The malling of America has spawned more than chain clothing stores in shopping centers from Fresno to Fairfax. Along with the demise of Main Street, food halls have replaced the corner drugstore as a respite for shoppers, moviegoers or noontime lunchers.
With jazzy menu boards, colorful neon signs and tempting displays of smoky ribs or gigantic cookies, these food courts could easily become a fattening shop-'til-you-drop orgy of empty calories. But for those who exercise some restraint and focus on lower-fat choices, they offer variety and some nutritional advantages, according to Yvonne Bronner, associate professor of nutrition at Howard University.
For one thing, said Bronner, perched atop a stool at Union Station's cavernous food hall, consumers can see the food before buying it. Thus, if the Chinese stir fry is soaked in oil or deli meats are riddled with fat, you can choose something else.
Because many dishes are prepared as you watch, you can ask for more or less of certain ingredients. Sandwich chefs tend to "glob on" mayonnaise, noted Bronner; you can request a thin smear on only one piece of bread. Conversely, lettuce, tomatoes and sprouts are often added to sandwiches as an afterthought; you might ask for more.
"Look at the size of that! It's two doughnuts" in one, exclaimed Bronner, eyeing an enormous pastry as she toured the football-field-size food hall. When it comes to baked goods, moderation is the key, warned Bronner, and so is size. But if you decide to indulge, choose a high-fiber cereal for breakfast the next day, she added. Similarly, if you have the urge to splurge on a "killer"-size cinnamon bun, split it with a friend and round it out with a fresh fruit salad. Don't consume it as part of a high-fat breakfast of bacon and eggs.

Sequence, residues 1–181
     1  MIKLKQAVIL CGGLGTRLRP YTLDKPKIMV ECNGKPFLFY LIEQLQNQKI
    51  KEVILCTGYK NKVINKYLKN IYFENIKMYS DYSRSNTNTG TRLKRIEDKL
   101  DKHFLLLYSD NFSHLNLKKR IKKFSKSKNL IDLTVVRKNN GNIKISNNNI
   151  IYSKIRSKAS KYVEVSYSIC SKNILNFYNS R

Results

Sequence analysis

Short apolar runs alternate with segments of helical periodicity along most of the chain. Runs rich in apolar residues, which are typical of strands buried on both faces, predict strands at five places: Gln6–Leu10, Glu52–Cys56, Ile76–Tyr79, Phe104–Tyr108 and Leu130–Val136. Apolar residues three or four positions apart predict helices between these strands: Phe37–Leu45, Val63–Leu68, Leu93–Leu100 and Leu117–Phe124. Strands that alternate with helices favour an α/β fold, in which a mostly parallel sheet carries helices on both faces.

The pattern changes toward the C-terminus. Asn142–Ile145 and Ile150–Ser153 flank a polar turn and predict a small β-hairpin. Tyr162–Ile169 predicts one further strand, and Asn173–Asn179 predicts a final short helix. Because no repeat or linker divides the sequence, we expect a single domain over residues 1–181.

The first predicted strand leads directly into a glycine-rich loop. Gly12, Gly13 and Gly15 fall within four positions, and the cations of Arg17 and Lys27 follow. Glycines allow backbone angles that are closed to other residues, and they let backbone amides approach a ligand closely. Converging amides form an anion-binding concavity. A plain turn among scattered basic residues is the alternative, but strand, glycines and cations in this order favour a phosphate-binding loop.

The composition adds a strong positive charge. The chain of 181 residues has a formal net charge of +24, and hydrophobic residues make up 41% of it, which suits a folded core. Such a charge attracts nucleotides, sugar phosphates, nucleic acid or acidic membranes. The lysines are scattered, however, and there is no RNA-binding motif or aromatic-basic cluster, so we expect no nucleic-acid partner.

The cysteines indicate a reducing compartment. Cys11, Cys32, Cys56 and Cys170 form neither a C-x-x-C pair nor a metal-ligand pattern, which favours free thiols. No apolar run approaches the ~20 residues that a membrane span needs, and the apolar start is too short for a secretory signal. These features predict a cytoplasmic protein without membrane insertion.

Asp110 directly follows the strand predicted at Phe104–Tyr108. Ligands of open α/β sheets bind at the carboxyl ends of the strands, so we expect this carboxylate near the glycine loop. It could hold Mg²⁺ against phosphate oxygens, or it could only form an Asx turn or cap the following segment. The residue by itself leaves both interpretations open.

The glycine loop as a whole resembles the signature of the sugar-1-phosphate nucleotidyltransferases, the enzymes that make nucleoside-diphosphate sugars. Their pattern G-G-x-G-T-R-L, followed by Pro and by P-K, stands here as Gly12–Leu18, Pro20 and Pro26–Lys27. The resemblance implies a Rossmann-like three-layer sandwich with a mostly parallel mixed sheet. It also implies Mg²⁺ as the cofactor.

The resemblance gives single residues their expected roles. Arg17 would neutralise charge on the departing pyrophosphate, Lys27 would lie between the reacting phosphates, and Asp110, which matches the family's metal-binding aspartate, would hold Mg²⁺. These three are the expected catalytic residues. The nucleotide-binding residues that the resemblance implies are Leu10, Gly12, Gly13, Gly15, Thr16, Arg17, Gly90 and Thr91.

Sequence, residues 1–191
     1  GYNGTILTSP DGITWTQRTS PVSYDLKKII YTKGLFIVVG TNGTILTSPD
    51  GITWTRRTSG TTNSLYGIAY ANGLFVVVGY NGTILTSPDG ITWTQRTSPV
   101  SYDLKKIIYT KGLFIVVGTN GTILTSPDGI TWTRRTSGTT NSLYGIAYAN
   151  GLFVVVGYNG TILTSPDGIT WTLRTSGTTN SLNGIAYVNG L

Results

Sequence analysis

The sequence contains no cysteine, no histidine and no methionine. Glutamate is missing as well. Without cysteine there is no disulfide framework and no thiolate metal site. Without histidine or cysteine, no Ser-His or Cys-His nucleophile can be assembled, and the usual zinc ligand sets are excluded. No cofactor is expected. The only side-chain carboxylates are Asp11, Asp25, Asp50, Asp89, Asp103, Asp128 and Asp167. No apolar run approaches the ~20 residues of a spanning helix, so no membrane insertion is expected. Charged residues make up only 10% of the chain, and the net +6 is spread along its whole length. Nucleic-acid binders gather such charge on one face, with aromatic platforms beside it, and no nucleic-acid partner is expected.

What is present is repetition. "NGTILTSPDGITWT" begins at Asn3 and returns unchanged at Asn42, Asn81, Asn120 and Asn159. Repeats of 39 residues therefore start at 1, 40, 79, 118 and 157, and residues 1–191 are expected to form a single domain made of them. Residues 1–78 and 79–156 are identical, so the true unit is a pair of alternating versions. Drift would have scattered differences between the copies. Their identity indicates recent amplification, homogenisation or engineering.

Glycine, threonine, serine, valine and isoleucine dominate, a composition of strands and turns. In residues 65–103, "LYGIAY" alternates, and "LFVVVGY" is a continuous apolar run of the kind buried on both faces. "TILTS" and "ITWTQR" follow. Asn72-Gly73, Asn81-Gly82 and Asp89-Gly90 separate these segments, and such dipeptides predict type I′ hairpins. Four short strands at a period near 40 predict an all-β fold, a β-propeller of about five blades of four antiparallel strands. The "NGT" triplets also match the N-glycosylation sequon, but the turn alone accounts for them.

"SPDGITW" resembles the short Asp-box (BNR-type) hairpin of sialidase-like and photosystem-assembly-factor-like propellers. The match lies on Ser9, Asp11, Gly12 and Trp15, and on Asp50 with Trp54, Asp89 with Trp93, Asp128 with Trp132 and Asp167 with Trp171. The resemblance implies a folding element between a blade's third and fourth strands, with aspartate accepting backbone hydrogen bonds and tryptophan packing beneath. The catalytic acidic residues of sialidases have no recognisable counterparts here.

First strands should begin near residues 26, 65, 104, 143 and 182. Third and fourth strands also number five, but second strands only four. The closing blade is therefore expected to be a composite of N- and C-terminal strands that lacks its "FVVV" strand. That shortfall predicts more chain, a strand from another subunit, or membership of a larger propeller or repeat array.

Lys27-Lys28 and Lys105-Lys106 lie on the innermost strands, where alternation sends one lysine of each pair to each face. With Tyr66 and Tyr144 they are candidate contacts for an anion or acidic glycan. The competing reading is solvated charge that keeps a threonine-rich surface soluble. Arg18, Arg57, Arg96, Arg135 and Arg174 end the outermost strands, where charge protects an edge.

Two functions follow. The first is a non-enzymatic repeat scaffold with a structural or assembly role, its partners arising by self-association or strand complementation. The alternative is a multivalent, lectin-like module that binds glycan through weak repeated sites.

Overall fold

People should realize that while nuts are high in protein, they are higher in fat, said Bronner, passing a dried fruit-and-nut stall. Therefore, they should be eaten occasionally and sparingly. One idea, Bronner suggested, would be to top a green salad from another stall with a small handful of raisins and nuts, or sprinkle a bit of chopped, dried fruit over an order of frozen yogurt.
"This is great, absolutely great," said Bronner, cruising by a carryout counter filled with an array of cold salads -- black bean with chopped peppers, cole slaw with lots of red cabbage but little dressing, colorful pasta salads.
At the bagel stall, Bronner said that turkey breast or tuna and chicken salads are better choices than corned beef or ham and swiss. Likewise, at deli counters, lean roast beef, turkey or ham without the cheese is nutritionally preferable to fattier corned beef or pastrami. And beware of the "health nut" sandwiches, which are sometimes loaded with three different cheeses, mayonnaise, avocados and other high-fat items, then sprinkled with a few alfafa sprouts.
Think before you order more than one scoop of ice cream. What starts as a 150-calorie scoop could easily end up being 700 or 800 calories with a big cone, plus lots of toppings, Bronner said. The same goes for the frozen yogurt stand and baked potato carryout. Ask for a potato without butter if you're going to opt for a dollop of sour cream and chives, she added. Order toppings such as vegetarian chili more often than bacon bits and cheddar cheese.
When it comes to hot dogs and hamburgers, pick a plain all-beef hot dog over a Polish sausage or kielbasa, Bronner said, scanning the menu board of a hot-dog eatery. And if you order a six-ounce hamburger, remember that it fulfills the daily requirement for meat. As for pizza, pile on the vegetable toppings but skimp on sausage and pepperoni.
Ethnic stalls offer interesting alternatives. Stick with roasted meats at Greek eateries; enchiladas, burritos and other non-fried items at Mexican places -- but avoid taco salads, whose sizes and contents can be "deadly," she advised --
teriyaki instead of tempura at Japanese stalls and vegetable curries at Indian eateries instead of fried pakoras and samosas.
Fried fish dominates seafood stalls, so steamed shrimp or tomato-based soups are better choices. And fried chicken wings are best shared as appetizers, not main courses, she said.
The tour complete, Bronner headed off in search of her own lunch: a slice of deep-dish vegetarian pizza and a homemade lemonade -- minus the sugar.
Eating Right appears on alternate Tuesdays.